Top 10 things to do in West Coast, New Zealand
1. Walk through rainforest to the Oparara Arches
The Oparara Basin is home to original rainforest, tannin-tinted rivers, huge limestone arches and a vast network of limestone caves. You can hike the easy native forest trails to visit the arches or book a guided tour with The Oparara Experience to explore the basin's remarkable, restricted-access caves. The trails are 50 minutes inland from Karamea by car, mainly on an unsealed road.
2. Experience the Punakaiki pancake rocks and blow holes
Discover nature's own artworks on the Punakaiki pancake rocks walk, an easy 1.1km loop trail. Once part of the ocean floor, the limestone formations at Punakaiki were thrust upwards, then carved and sculpted over millions of years by the sea and rain. Today the ocean swells push inland through limestone caves sending plumes of spray whooshing up natural chimneys within the huge stacks of rock pancakes. The Punakaiki blow holes are at their most spectacular around high tide on stormy days.
3. Fish, hike or swim at Lake Brunner
It's a 30-minute drive inland from Greymouth to Lake Brunner, the largest lake in the South Island's northwest. Fed by glacial waters and often darkened by natural tannins, the lake reflects the surrounding landscapes in a spectacular way. Fishing Lake Brunner for its legendary brown trout can be done any time of year and there are boats for hire. You'll also find some great Lake Brunner walks to explore, ranging from one to eight hours. The TranzAlpine train from Christchurch stops at Moana, Lake Brunner, a small settlement and the only town on the lake's shores.
4. Snap the river at Hokitika Gorge
After a scenic 35km drive through farmland from the town of Hokitika, you arrive at one of the top things to do in Hokitika and the West Coast - Hokitika Gorge. Carved by ancient glaciers, this white-sided ravine contains an impossibly turquoise river, which is why it's also known as the blue gorge. The vivid, milky blue colour is due to suspended white 'rock flour' created millions of years ago. From the car park, the 15-minute Hokitika Gorge Walk leads through a native forest scenic reserve, across a swing bridge above the river and down to rocks at a bend in the gorge. It's a breathtaking scene you'll want to photograph from every angle.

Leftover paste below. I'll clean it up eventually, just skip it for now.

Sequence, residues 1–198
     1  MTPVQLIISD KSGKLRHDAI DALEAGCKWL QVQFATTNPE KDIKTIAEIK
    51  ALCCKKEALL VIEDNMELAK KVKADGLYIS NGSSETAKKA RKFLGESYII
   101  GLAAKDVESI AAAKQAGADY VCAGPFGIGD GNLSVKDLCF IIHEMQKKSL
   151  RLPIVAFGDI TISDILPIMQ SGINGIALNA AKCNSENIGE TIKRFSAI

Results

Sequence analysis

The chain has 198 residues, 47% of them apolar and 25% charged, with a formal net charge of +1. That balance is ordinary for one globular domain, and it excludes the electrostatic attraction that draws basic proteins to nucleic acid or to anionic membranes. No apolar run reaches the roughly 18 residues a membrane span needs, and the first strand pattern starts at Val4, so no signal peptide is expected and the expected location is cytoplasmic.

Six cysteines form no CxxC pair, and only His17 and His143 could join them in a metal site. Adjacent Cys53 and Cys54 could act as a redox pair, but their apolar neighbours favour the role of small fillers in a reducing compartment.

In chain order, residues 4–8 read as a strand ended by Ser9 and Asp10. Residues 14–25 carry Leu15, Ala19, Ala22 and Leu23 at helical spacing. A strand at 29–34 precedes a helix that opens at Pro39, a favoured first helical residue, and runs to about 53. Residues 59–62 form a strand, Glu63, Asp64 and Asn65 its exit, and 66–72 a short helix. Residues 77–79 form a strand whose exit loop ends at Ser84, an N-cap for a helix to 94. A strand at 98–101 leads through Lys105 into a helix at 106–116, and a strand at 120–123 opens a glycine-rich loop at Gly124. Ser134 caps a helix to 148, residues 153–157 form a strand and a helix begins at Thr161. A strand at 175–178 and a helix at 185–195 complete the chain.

5. Haast World Heritage Area
Haast township is the main hub for the vast Te Wāhipounamu - South West New Zealand World Heritage Area. Covering 2.6 million hectares, almost 10% of New Zealand's land area, it includes four national parks. Here you'll discover beautiful lakes, valleys and fiords carved by glaciers. The area is home to countless rare plants and animals, and some of the most spectacular walking and hiking trails you'll ever experience.
6. Franz Josef and Fox Glaciers
Experience glacier country New Zealand. The Fox and Franz Josef glaciers are must-visit attractions on the South Island's West Coast. They descend from the Southern Alps to quite low altitudes. You can easily walk up the valley towards Franz Josef Glacier's terminal. To get out on the ice and experience ice caves or ice climbing, just book a guided walk. Or you can view the glaciers from a helicopter before landing on snow at the top for the ultimate photoshoot.
7. Heaphy Track
Recognised as the gentlest of New Zealand's Great Walks, the 82km, four-to-six day Heaphy Track comes with completely different scenery every day. Most people cycling or walking the Heaphy Track go from Collingwood in Golden Bay to Karamea at the north end of the West Coast. Heaphy Track hut bookings are essential, you can also book a guided walk if you prefer, as well as return shuttles and scenic flights from Karamea. If you're visiting Karamea, you can sample the track on a day along Scotts Beach and up to Scotts Hill lookout, then back again. You'll be wowed by coastal rainforest and native nikau forests along the way.
8. Cycle the West Coast Wilderness Trail
The magnificent four-day 139km West Coast Wilderness Cycle Trail follows old bush tracks, tramlines and railways through rainforests, wetlands, river valleys and friendly historic towns. It's one of the smoothest cycle trails in the country, with four sections that lead inland from Greymouth to the Southern Alps, back out to the coast at Hokitika, then on to Ross. Each one involves about four hours riding; how many sections you tackle is entirely up to you.
9. The Old Ghost Road
Early gold miners tried to put a road through this exceptional landscape but the landscape won, leaving four ghost towns behind. More than a century later, volunteers completed the 85km route as a grade 4 (advanced) mountain bike trail with four bookable huts. Cyclists typically take two-to-four days and hikers five days to complete the journey through native forest, alpine tussock, river flats and forgotten valleys. Both ends provide great one-day in-out experiences. There are also two-day helicopter adventure packages and the fabulous Rough & Tumble Bush Lodge for retreat-style accommodation at the north end of the Old Ghost trail.
10. Paparoa Track and Pike 29 Memorial Track
New Zealand's newest Great Walk, the Paparoa Track in Paparoa National Park, opens 1 December 2019. Purpose-built for hiking and mountain biking, it climbs through limestone landscapes, native podocarp and beech forest to tussock-covered ridges with beyond-awesome views. The track then descends to river gorges and lush rainforest. It's typically a three-day hike or two-day ride, with bookable huts along the way. The Pike 29 track is a side trail that's under construction. When opened, it will link to the Pike River Memorial at the site where 29 men lost their lives in the 2010 mining disaster.